culture “disturbs the metabolic interaction between man and the earth, i.e.
it prevents the return to the soil of its constituent elements consumed by
man in the form of food and clothing; hence it hinders the operation of the
eternal natural condition for the lasting fertility of the soil.”21 His source
here was the German chemist Justus von Liebig, the originator of chemical
fertilizer agriculture as well as its fi rst critic: he was the fi rst to advocate a
return to a circulation-based system of agriculture. Marx writes,
Moreover, all progress in capitalist agriculture is a progress in the art,
not only of robbing the worker, but of robbing the soil; all progress in in-
creasing the fertility of the soil for a given time is progress towards ruin-
ing the more long-lasting sources of that fertility. The more a country
proceeds from large-scale industry as the background of its development,
as in the case of the United States, the more rapid is this process of de-
struction. Capitalist production, therefore, only develops the techniques
and the degree of combination of the social process of production by si-
multaneously undermining the original sources of all wealth—the soil
and the worker.22
Here Marx criticized not only capitalism’s exploitation of workers but also its
exploitation of nature, which destroys the natural balance of soil and humans.
He moreover argues that the “moral of the tale, which can also be extracted
from other discussions of agriculture, is that the capitalist system runs coun-
ter to a rational agriculture, or that a rational agriculture is incompatible
with the capitalist system (even if the latter promotes technical development
in agriculture) and needs either small farmers working for themselves or the
control of the associated producers.”23 What he has in mind here is neither
large-scale capitalist superfarms nor large state-run collective farms. Marx is
arguing that the management of agriculture should be carried out by associ-
ations (federations) of small-scale producers.
On Modes of Exchange 19

Seen from this perspective, Marx’s thesis in “Critique of the Gotha Pro-
gram” should be clear. The Gotha Program was adopted as party platform
upon the inauguration of the German Social Democratic Party, with the
support of both the Marx and Lassalle factions. Upon reading it though,
Marx privately mounted a biting critique. One of the platform’s key points
lay in the assertion, based on Ferdinand Lassalle’s thought, that labor was
the source of all wealth and civilization. Marx rebuts this: “Labour is not the
source of all wealth. Nature is just as much the source of use values (and it is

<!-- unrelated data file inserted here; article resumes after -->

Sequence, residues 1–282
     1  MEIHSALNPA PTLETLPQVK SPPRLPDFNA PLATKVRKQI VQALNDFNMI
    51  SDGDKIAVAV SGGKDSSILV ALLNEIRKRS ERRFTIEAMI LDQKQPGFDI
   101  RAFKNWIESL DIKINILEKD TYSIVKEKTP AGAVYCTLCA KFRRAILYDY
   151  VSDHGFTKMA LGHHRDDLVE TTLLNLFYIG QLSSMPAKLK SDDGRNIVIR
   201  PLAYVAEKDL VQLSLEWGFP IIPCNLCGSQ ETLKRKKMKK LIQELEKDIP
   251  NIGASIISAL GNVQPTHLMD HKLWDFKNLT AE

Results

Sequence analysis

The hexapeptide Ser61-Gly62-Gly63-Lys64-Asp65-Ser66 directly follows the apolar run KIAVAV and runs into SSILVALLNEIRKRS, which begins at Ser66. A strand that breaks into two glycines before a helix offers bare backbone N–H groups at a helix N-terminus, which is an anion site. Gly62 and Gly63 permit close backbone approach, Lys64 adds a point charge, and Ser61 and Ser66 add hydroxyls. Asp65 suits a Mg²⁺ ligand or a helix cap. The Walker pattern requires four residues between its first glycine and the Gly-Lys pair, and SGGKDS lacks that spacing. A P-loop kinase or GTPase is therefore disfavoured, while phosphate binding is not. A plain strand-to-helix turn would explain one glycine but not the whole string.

surely of such that material wealth consists!) as labour, which itself is only
the manifestation of a force of nature, human labour power.”24 Identifying
human labor as the ultimate source of value is precisely the view of indus-
trial capitalism. Marx is critical here of the view that puts industrial produc-
tion at the center (a view shared not only by Lassalle but also by most mem-
bers of the Marx faction at the time). In this we see the continuing relevance
of the “natural history” perspective that sees man and nature in terms of
metabolism, which had been part of Marx’s thought since the beginning. In
addition, Marx rejects the Lassalle faction’s proposal to have the state pro-
mote producer cooperatives. In Marx’s view, the point was not to have the
state foster associations but rather to have the development of associations
lead to the disappearance of the state. In reality though, when Marxists have
seized power they have generally organized producer cooperatives through
the state, whether in the form of collective farms or of people’s communes.
Widespread awareness of the significance of this “metabolism” and “ma-
terial exchange” arose only after the adoption of fossil fuels, especially oil.
The use of these fuels meant that metabolism was no longer a problem
limited to the realms of agriculture and land. Oil is the raw material for de-
tergents, fertilizers, and other chemical products, in addition to being an
energy source. The industrial waste products generated in these uses have
unleashed global (worldwide) environmental problems. As I noted, the global
environment is a kind of heat engine. A cyclical system is maintained by
using the processes of atmospheric and water circulation, with entropy fi-
nally exported to outer space in the form of waste heat. Disruptions in this
cycle will unavoidably lead to environmental crises such as climate change
and desertification, and, ultimately, accumulated entropy will lead the global
environment to “heat death.”
Th is situation is brought about by man’s exploitation of nature. But to see
this solely as a relation of man and nature, that is, as a problem of technology
or civilization, is deceptive. Such a view conceals the relations of exchange
between people that lie behind the exchange relationship between people
20 Introduction

and nature. In fact, the fi rst environmental crisis in world history was pro-
duced by Mesopotamian irrigation agriculture, which resulted in deserti-
fication. The same phenomenon was seen in the Indus and Yellow River
civilizations. These were the earliest examples of institutions (states) that
simultaneously exploited people and nature (the soil). In our industrial
capitalist society, we now see this being carried out on a global scale. If we